The mini-bike is quite easy to take apart up until the engine. Standard tools such as metric wrenches and Phillips screwdrivers can disassemble the bike up until the transmission is reached. The transmission is press fit together which would require some kind of prying tool to get off and then some kind of press to reattach. Therefore the products engine is obviously not meant to be taken apart while as individual parts can be replaced on the frame of the bike.
-_Hurdles and Disappointments_
There were a few tough spots in this dissection. The first came when we lacked the proper tool to remove some springs. In order to combat this problem, Garth actually purchased a pin spanner tool in order to allow further dissection. The second major hurdle prevented taking the transmission apart. This was a major disappointment to the group as they all wanted to see the internals, including the clutch assembly. There were two parts that prevented the dissection. The first was a lock nut. The nut had teeth on the inner edge that prevented the nut from being turned counterclockwise. The group could not even nudge it even with all five members using their combined forces. The second part preventing assembly was a factory pressed part. It would be impossible to get off without using a factory press. There were thoughts of removing it with blunt force via a hammer. These thoughts were quickly quelled when it was realized that there would be no way to put the part back on without a press. The group spent two hours in addition to the three previous dissection hours trying to move forward. It was finally decided that there was nothing they could due given the circumstances, and we moved on to work on this report. This step is considered level five difficulty since it was impossible to complete with the current tools and expertise.
- What fasteners are used and why?
The fasteners used are:metric bolts sizes 8mm, 10mm, 12mm, 13mm, 15mm and 16mm. These standard metric bolts are used for ease of replacement and removal
Phillips screws. These common screws are used for ease of replacement and removal
Locking collar. This is used to hold on the magnetic collar and is not so easy to replace or remove so that the magnetic ring stays in place even with all the vibration from the engine shaft it rest on.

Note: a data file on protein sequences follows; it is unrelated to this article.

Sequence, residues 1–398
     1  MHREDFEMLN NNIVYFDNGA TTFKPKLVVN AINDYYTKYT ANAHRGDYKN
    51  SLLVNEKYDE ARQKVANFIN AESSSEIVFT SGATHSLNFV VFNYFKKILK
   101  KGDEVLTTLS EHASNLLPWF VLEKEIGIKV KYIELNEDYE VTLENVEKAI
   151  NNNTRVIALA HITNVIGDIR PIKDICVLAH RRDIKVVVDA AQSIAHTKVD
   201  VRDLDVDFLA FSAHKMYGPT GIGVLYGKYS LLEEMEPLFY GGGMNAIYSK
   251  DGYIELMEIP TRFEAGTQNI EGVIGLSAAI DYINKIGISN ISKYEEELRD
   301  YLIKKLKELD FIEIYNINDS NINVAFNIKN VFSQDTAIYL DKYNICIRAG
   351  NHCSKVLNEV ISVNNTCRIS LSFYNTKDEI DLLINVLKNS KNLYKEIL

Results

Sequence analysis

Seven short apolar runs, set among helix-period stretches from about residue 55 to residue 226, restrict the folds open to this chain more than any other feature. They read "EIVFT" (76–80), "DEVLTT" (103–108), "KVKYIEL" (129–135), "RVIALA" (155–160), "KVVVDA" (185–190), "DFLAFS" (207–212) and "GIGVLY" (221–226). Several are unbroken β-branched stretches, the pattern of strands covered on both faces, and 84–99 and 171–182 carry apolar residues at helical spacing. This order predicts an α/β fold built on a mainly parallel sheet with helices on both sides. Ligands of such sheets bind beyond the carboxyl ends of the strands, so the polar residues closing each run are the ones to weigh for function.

- Are special tools required?A Pin spanner was used to remove the locking collar holding on the magnetic ring.
Component SummaryThe questions for the component summary were given as follows.
- What forces are applied to the components,
- If forces are applied estimate their magnitude
- Does the material choice affect the manufacturing process?
- Does the shape affect the manufacturing process?
- Why was each manufacturing process chosen for that component
- Do any components have a particular shape? Why?
- Is the component functional, cosmetic, or a combination of the two?
- Why do you think the manufacturing process was chosen for a given component?
- How complex is the component?
The folowing is a breakdown of where each of the questions in the gate 3 requirements for the components is answered. Some of the questions, specificly those about the manufacturing process, had a lot of overlap and did not necessarily apply to every component, so for the purposes of the summary they have been combined.
Name of Component
Why was this process chosen
- Why was each manufacturing process chosen for that component
- Why do you think the manufacturing process was chosen for a given component?
- Do any components have a particular shape? Why?
- Does the shape affect the manufacturing process?
- Does the material choice affect the manufacturing process?
- What forces are applied to the components
- If forces are applied estimate their magnitude
Functional or Cosmetic
- How complex is the component?
- 1 - Single piece of one type of material with simple shape e.g. washer
- 2 - One piece, one material, more complex shape e.g. dipstick
- 3 - Multiple materials, no moving parts e.g. brake lever
- 4 - Moving parts e.g. throttle assembly
- 5 - Electronics e.g. timing mechanism
- Is the component functional, cosmetic, or a combination of the two?
|Name of Component||Materials Used||Manufacturing Process||Why this process was chosen||Forces Applied||Complexity||Functional or Cosmetic|
|Muffler||The outer shell is made of steel and the catalytic converter inside is made of a ceramic substrate and a catalyst such as platinum.||The outer shell is made from two pieces of rolled steel pressed into shape and then folded together around a catalytic converter and spot welded to give a good seal between the two halves.||The materials in the catalytic converter were chosen for their heat resistance and the way they react with exhaust gasses produced by the engine. Steel was chosen for the shell because it is strong and resistant to heat damage. Picking steel meant that a fairly thin sheet of metal could be used for the shell, and that meant rolling it rather than casting a thicker piece of aluminum which saves significantly on manufacturing cost.||The muffler is not subject to forces of any significant magnitude. The only forces present would be from the vibration of the bike while the engine’s running, inertial forces from slowing down, speeding up or turning, and the air flow through the catalytic converter. None of these pose any threat to the structural integrity of the muffler. In case of a collision or another force that the muffler was not designed to deal with, it is covered with a protective cage (which we’ve treated as a separate component).||3||functional|